The Antinomies of Cosmopolitanism
26/05 - 18:00
On invitation of Passa Porta and the festival, philosopher and political theorist Chantal Mouffe is partaking in a four-week residency in May, in Brussels. She was born in Charleroi, teaches political theory at the University of Westminster in London, and is a guest lecturer in Europe and America. Famous for her non-rationalist approach to politics, developed in works such as The Democratic Paradox (2000) and On The Political (2005), Mouffe articulates her thinking based on the idea of ‘agonistic’ democracy. She maintains that this deliberative theoretical model for identifying consensus democracy ignores human nature. For her, politics cannot be dissociated from a conflicting dimension; democracy implies the battles of ideas and interests that cannot be eliminated by a rational process of negotiation, but rather have to be sublimated by an acknowledgement of each person’s demands. Aside from the political, Chantal Mouffe fosters a love for the contemporary performing arts. During her residency she will view performances, meet artists, and, on the last day of this edition, give a closing lecture. Not to be missed!
A lecture by
Kunstenfestivaldesarts, Passa Porta, La Monnaie/De Munt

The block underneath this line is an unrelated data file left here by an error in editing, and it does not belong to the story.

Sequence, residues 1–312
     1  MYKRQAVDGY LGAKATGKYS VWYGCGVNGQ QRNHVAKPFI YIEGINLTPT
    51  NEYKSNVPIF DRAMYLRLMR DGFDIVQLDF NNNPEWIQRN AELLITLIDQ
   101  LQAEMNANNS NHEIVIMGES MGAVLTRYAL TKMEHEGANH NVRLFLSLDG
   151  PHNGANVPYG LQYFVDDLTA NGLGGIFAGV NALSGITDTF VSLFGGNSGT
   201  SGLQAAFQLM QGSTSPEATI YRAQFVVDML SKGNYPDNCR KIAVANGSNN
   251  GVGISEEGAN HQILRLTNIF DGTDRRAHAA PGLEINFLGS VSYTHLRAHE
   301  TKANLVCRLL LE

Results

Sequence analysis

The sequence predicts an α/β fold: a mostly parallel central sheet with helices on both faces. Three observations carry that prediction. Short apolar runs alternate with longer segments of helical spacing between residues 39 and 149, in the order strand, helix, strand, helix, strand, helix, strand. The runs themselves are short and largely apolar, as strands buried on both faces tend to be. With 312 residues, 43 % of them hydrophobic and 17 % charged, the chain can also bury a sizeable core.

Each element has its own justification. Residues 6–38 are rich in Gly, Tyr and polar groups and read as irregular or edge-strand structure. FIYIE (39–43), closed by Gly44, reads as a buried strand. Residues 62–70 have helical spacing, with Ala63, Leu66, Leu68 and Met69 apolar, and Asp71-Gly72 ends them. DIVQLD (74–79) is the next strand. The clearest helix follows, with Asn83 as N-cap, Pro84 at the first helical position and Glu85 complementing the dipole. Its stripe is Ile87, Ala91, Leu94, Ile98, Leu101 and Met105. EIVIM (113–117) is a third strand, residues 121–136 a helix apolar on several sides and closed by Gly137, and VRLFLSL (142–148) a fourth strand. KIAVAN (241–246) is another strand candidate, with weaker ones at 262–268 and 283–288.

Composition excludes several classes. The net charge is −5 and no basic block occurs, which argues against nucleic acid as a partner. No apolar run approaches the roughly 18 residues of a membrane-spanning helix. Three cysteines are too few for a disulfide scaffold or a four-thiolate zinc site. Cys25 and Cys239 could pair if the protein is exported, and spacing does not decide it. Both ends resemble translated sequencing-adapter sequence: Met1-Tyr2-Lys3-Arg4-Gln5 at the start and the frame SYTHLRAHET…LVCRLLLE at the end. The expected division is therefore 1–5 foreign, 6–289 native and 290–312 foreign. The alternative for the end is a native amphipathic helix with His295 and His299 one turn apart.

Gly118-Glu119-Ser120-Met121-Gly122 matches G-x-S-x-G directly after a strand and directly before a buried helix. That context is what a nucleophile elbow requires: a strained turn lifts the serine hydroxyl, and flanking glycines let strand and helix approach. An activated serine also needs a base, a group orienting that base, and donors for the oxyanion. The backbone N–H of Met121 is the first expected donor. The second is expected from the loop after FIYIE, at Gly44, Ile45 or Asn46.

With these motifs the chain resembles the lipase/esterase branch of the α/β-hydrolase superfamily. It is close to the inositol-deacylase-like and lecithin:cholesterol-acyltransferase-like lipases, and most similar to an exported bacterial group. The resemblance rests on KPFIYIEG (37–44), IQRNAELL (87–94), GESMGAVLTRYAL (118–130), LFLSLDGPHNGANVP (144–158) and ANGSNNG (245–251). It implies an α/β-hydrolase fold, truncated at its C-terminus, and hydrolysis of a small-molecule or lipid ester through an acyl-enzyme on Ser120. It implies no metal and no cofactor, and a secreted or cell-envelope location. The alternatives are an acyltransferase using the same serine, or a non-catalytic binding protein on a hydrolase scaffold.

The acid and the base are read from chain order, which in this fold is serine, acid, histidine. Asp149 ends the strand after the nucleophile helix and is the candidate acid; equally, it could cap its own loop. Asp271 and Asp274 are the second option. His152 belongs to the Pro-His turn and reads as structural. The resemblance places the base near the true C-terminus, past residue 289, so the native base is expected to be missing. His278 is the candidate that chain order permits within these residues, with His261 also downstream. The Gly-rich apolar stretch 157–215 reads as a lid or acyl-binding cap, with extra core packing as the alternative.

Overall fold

A political theorist educated at the universities of Louvain, Paris, and Essex, Chantal Mouffe (b. 1943) is Professor of Political Theory at the University of Westminster. She has taught at many universities in Europe, North America and Latin America, and has held research positions at Harvard, Cornell, the University of California, the Institute for Advanced Study in Princeton, and the Centre National de la Recherche Scientifique in Paris. Between 1989 and 1995 she was Directrice de Programme at the College International de Philosophie in Paris. Professor Mouffe is the editor of Gramsci and Marxist Theory , Dimensions of Radical Democracy , Deconstruction and Pragmatism , and The Challenge of Carl Schmitt ; co-author (with Ernesto Laclau) of Hegemony and Socialist Strategy: Towards a Radical Democratic Politics (1985); and author of The Return of the Political (1993), and The Democratic Paradox (2000). Her latest work is On the Political published by Routledge in 2005. She is currently elaborating a non-rationalist approach to political theory; formulating an ‘agonistic’ model of democracy; and engaged in research projects on the rise of right-wing populism in Europe and the place of Europe in a multipolar world order.Back to top